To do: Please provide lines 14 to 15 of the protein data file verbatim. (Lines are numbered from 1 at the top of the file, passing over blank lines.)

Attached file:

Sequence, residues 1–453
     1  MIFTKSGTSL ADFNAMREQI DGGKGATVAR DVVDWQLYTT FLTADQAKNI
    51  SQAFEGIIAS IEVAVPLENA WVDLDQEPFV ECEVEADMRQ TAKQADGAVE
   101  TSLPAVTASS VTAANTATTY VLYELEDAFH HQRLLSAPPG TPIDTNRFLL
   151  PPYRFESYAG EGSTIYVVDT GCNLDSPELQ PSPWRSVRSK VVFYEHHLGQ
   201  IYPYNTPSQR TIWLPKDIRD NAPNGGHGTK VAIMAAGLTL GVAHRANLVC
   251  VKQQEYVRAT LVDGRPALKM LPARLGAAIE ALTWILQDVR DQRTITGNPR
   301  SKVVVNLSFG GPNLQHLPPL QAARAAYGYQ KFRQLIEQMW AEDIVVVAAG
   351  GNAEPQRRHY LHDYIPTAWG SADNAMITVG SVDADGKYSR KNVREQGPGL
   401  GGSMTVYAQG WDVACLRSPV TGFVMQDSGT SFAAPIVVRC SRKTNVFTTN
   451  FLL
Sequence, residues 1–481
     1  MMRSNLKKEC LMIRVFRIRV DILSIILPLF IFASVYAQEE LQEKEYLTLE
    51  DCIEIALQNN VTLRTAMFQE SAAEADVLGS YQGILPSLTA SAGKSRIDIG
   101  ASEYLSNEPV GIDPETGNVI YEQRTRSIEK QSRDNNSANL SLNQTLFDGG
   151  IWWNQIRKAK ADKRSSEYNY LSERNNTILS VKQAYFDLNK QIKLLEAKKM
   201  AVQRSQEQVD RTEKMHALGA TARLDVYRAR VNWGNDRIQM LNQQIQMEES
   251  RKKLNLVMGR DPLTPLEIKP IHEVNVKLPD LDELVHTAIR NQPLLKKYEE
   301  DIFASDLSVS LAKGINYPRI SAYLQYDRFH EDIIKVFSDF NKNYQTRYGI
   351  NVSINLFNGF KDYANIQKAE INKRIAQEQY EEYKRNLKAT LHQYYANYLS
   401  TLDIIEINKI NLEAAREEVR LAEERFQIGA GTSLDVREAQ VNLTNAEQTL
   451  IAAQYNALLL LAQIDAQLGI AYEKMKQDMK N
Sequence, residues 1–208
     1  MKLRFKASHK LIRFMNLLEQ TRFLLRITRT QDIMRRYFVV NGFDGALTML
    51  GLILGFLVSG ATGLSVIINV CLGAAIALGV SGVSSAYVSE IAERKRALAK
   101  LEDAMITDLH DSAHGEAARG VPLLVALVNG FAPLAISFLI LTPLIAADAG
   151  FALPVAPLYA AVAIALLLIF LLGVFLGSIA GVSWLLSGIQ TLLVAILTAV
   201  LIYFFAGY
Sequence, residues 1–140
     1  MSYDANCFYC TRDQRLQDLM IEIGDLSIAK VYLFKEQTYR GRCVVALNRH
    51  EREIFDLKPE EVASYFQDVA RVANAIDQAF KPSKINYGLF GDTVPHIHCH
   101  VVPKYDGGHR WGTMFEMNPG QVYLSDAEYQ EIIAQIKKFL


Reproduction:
    51  DCIEIALQNN VTLRTAMFQE SAAEADVLGS YQGILPSLTA SAGKSRIDIG
   101  ASEYLSNEPV GIDPETGNVI YEQRTRSIEK QSRDNNSANL SLNQTLFDGG